RTÉ News has seen details of the payroll savings that the Department of Justice is seeking from members of An Garda Síochána to try to reduce the payroll bill by €60m over the next three years.
The proposals include cuts in overtime, premium payments and weekend and holiday payments, including making Good Friday a standard working day.
The savings form part of the additional €1bn in payroll cuts, which the Government is seeking by the end of 2015.
As with all other public servants, gardaí may be asked to work an extra hour a day. However, cash savings from this measure are not specified.
Three scenarios for cutting overtime are outlined.
One option would see all overtime paid at flat rate, which could yield €16m a year.
A standard working day of 8am to 8pm would save €5.7m a year, while €9.7m is targeted from premium allowances.
Cutting allowances for working Saturdays would save €4.3m, while halving Sunday and public holiday pay would reduce payroll by over €31m.
Cutting night duty payments could deliver €13m in savings. If Good Friday was treated as a standard working day, that alone would save €1.4m annually.
The department said a range of payroll savings were under discussion, and the savings sought are additional to any savings factored into current budgets.
Minister for Justice Alan Shatter said: "In common with every part of the public sector, a range of payroll savings measures are being discussed with associations representing members of An Garda Síochána.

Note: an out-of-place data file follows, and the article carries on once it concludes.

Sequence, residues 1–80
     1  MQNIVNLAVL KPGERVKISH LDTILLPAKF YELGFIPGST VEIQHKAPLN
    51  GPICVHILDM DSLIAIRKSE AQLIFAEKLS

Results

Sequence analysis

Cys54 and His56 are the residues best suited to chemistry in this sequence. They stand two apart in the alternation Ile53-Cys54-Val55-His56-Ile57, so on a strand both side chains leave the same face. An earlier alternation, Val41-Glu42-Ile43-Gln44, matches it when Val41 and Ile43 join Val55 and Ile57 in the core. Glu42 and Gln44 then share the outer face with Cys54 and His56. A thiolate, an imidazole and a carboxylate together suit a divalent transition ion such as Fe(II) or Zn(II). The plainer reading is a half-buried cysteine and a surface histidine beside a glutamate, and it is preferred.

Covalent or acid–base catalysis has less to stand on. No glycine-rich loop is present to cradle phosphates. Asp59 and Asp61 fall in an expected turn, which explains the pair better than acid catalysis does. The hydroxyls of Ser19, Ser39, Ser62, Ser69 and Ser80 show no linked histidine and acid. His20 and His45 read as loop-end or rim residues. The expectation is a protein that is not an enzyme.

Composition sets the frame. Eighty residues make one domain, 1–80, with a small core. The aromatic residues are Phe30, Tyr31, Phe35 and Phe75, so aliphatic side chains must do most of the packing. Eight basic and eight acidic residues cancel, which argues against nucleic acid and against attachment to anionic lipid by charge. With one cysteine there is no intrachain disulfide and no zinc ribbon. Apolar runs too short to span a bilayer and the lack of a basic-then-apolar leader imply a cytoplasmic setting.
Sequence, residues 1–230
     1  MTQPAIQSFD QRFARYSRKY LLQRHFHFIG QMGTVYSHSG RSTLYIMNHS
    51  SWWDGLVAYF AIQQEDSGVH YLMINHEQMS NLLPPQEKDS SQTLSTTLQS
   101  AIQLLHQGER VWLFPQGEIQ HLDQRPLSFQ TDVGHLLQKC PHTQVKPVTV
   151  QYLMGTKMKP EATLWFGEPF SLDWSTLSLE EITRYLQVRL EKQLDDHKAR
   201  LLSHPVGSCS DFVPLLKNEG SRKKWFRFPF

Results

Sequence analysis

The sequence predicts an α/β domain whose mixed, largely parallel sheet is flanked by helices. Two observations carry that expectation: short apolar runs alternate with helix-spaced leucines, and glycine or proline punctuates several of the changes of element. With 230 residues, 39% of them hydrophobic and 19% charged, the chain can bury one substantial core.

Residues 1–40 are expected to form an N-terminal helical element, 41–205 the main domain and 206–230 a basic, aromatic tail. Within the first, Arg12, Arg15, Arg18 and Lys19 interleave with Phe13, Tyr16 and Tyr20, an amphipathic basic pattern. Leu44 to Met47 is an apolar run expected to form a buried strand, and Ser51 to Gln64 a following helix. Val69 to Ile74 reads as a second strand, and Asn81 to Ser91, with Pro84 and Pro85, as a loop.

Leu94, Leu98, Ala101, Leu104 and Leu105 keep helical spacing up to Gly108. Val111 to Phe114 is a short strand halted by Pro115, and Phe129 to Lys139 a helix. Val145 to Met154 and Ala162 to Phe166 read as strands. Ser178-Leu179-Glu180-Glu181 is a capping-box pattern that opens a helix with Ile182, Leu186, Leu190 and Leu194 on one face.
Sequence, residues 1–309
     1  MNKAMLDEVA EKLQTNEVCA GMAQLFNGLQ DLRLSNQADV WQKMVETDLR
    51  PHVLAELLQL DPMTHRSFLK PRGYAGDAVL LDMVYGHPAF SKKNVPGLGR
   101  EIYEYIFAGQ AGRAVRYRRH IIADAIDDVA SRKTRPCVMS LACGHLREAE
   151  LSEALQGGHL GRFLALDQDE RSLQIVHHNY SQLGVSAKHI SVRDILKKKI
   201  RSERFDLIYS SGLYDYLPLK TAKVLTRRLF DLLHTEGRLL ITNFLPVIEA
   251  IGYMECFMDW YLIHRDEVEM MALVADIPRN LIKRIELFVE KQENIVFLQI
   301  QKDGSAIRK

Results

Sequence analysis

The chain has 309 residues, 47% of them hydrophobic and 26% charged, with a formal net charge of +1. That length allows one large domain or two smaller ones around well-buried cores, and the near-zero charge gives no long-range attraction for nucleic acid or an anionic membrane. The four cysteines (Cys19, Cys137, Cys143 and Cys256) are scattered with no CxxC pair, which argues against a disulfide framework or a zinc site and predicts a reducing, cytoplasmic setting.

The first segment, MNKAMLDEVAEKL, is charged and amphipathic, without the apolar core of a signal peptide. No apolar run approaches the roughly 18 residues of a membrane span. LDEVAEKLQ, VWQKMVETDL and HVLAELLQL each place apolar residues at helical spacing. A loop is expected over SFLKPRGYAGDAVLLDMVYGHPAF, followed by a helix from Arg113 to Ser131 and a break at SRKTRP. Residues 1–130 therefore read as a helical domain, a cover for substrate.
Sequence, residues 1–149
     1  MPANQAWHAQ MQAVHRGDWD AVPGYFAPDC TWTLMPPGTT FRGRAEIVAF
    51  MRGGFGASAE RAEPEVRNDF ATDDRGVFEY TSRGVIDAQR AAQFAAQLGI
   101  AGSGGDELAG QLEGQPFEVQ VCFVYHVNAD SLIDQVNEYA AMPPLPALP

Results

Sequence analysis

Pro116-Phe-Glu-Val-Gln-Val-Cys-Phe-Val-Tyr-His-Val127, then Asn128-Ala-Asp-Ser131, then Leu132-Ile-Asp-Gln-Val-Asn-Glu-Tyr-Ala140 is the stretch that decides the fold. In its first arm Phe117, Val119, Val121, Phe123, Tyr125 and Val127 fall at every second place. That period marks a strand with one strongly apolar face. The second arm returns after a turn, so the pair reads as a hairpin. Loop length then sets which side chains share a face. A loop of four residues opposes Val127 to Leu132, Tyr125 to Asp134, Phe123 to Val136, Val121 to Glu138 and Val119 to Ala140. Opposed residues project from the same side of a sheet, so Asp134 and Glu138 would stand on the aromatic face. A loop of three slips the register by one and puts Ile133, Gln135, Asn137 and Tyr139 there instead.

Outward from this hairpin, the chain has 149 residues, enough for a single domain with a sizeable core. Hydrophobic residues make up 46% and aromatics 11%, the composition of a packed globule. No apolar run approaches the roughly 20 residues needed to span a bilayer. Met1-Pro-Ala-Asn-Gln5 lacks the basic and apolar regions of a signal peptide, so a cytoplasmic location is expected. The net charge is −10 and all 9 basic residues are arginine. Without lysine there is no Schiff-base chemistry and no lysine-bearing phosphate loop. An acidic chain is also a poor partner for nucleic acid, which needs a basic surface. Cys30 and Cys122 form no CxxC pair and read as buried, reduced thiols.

"The talks are at an early stage and I would encourage all the public service Unions and staff associations to engage constructively in the dialogue being facilitated by the Labour Relations Commission."
The General Secretary of the Association of Garda Sergeants and Inspectors has rejected the payroll reduction proposals.
Speaking on RTÉ's Morning Ireland, John Redmond warned that members may look at industrial action if legislation is passed to cut their pay or allowances.
He suggested that savings could be made in other areas and proposed looking at the €80m budget for overtime, or the introduction of a career break incentive.
"It's unfair and disingenuous for the Taoiseach to shake a big stick over our members," he said.
"They can't take any more. They've taken 25% cuts, this represents a 7% cut across the board and our members are at the pin of their collar to pay their bills at the moment."
The AGSI has already walked out of the Croke Park Agreement talks.
The Garda Representative Association will decide its position on Monday.